You can talk trash with Jordan Polon. It’s something she deals with every day at work.
But don’t trash talk about Hartford.
“I never understand when people say that Hartford is conveniently located between New York and Boston,” says Polon, executive director of the Hartford Business Improvement District. “That’s like saying pizza is conveniently located between lobster and steak. I happen to think pizza is good on its own.”
It’s Polon’s job is to promote Hartford and she’s doing everything she can to make it clean, safe and fun. She reports to 109 owners of 209 properties in the district, which includes The Hartford and Aetna to the west, and the Travelers and Phoenix insurance companies to the east of her Pratt Street office.
Polon says that a clean and safe city attracts more visitors. It’s something she learned as a pyrotechnic supervisor and manager of the Batman Thrill spectacular at Six Flags New England in Agawam, Mass.
“Don’t pass it up, pick it up was drilled into our heads every day,” Polon says. “They told us that no matter how well run your rides are, if that attraction is surrounded by garbage, people perceive that it’s not safe.”
The same thinking applies to Hartford’s city streets. These quality-of-life services create a better perception to those who work and play in Hartford. And so, one of the major missions is collecting the 130,000 pounds of litter tossed on the streets annually.
“It’s the equivalent of 36 Subarus,” Polon says. “You could fill up the Convention Center ballroom with it.”
Among the items found: an FBI badge, a $30,000 check and countless cell phones.
If you lock yourself out of your car or need to jump a dead battery, HBID provides that service. In 2015, its team of 19 Ambassadors responded to 654 roadside assistance calls, removed 1,700 graffiti tags, spent 604 hours shoveling snow and answered 2,750 hospitality calls. They use fake tickets to remind folks not to leave a laptop or cell phone in plain sight in their parked car.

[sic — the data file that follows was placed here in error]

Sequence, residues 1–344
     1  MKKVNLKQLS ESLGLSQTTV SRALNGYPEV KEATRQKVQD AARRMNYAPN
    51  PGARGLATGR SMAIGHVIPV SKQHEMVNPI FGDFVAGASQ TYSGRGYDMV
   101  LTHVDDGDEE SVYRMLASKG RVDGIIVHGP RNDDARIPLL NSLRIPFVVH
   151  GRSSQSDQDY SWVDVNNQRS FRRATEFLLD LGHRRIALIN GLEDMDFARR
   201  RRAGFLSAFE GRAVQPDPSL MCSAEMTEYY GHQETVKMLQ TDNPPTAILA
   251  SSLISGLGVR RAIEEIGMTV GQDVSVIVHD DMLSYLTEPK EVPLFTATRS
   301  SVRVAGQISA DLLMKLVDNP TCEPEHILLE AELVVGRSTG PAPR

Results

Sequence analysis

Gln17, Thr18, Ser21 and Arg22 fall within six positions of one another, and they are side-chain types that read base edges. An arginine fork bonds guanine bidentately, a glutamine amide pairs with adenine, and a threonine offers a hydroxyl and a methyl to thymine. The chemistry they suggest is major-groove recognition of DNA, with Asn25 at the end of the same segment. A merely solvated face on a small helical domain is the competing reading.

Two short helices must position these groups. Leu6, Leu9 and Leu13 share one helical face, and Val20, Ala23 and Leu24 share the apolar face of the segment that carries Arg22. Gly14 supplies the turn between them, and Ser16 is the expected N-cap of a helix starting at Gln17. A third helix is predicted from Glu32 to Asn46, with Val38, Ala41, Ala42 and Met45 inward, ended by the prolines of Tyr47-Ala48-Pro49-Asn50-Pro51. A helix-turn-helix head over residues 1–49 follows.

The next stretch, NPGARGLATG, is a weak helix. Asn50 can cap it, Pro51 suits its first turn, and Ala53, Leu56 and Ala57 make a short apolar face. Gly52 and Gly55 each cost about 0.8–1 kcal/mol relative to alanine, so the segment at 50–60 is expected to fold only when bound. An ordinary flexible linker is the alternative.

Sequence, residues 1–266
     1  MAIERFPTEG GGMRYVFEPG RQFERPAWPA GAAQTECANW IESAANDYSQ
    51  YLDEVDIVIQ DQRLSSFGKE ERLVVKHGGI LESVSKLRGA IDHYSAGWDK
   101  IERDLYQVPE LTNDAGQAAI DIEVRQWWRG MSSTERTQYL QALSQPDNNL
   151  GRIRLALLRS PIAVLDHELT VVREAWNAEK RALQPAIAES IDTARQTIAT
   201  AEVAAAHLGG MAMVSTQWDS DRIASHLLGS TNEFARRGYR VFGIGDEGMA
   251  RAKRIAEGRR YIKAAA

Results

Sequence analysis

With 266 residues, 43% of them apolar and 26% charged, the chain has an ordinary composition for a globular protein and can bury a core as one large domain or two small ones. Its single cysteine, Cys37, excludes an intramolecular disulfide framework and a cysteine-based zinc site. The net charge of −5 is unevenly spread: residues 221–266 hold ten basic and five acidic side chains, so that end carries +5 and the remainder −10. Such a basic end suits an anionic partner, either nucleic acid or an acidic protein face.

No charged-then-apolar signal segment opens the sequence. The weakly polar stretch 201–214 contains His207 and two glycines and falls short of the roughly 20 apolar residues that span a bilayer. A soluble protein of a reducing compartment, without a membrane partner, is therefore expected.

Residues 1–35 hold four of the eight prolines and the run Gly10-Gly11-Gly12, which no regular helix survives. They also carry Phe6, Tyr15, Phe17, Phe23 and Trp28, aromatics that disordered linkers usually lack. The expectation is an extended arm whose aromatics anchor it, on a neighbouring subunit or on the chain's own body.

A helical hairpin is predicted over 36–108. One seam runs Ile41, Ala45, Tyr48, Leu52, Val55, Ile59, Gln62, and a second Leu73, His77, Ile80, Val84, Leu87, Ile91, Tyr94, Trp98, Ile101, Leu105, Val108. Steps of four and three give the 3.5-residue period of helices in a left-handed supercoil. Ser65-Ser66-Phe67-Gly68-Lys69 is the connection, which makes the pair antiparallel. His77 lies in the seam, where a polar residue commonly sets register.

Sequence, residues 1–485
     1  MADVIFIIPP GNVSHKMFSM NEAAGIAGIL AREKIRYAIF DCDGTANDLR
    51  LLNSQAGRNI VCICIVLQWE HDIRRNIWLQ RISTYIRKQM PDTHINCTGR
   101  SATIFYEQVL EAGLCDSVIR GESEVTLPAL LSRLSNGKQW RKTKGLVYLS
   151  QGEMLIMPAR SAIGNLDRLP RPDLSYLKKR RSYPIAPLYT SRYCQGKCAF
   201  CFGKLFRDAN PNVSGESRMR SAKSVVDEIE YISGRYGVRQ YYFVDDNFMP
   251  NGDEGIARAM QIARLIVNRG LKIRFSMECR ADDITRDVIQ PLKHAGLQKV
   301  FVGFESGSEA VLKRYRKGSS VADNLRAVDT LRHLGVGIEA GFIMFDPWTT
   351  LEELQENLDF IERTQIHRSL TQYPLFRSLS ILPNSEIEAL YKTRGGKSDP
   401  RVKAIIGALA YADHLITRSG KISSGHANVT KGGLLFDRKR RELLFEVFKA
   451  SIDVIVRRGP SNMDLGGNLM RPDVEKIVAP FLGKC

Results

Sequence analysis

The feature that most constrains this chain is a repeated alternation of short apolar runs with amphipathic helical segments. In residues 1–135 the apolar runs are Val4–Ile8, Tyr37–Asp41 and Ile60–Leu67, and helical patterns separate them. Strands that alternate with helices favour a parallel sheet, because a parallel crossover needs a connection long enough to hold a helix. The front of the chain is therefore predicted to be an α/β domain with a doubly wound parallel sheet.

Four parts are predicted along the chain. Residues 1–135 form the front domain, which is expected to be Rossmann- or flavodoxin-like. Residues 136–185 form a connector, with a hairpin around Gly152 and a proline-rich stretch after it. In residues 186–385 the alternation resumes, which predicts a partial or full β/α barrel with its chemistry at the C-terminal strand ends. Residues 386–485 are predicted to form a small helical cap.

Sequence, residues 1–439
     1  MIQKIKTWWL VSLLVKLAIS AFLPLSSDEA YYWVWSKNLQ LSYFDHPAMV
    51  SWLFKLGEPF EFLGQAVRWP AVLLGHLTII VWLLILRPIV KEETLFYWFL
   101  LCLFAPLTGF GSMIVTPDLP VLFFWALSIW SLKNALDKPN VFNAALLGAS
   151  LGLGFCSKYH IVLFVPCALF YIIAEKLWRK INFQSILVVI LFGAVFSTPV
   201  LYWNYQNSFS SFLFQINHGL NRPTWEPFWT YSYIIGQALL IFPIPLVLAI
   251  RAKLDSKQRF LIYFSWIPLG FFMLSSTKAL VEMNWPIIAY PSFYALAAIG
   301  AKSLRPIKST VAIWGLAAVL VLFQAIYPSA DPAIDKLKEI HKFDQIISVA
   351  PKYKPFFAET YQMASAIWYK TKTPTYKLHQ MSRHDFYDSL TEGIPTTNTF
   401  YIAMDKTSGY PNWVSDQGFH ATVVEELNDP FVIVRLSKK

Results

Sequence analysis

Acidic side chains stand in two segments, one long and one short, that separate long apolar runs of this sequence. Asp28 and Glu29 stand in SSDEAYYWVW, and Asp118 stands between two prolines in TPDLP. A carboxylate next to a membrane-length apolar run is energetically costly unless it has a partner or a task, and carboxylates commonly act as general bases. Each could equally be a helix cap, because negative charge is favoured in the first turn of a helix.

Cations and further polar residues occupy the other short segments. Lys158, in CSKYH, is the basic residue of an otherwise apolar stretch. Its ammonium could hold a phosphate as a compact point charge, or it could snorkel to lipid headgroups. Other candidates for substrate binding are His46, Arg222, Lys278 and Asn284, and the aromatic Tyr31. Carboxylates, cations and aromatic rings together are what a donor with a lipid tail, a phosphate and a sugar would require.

When construction is affecting foot or car traffic, they will put up a sign reminding folks it’s a short amount of pain for a permanent gain. “We can post ‘We’re Getting Diggy With It,’ or ‘Pardon Our Appearance While We Get more Awesome,'” Polon says. That sign with attitude is not a tactic that the city itself would use.
It’s easy to find the Ambassadors. They are walking the streets outfitted in bright green, or behind the wheel of their lime-green cars. The Ambassadors work for Block by Block, a national firm that provides local service to the 45 blocks in the district under contract with HBID. They work closely with Hartford Guides (in blue and black shirts), who provide similar services outside the district.
“If the Guides need some backup, we’ll be there,” Polon says. “Or vice versa.”
Now to the fun.
HBID manages the annual Hooker Day Parade, the quirky salute to the Rev. Thomas Hooker, which was started by Mike Peters, former mayor of Hartford.
“It’s a lot of work for 45 minutes of parade,” Polon says. HBID makes sure each community group has “throwees,” beads and candy to toss to the crowd. Members work with the late mayor’s son, Chris Peters, to block off a street for his classic car show that raises money for Mayor Mike’s Foundation.
When one or both of the UConn basketball teams win the NCAA Tournament, Polon’s office sets up the parade. This has become an annual exercise lately with the women’s team.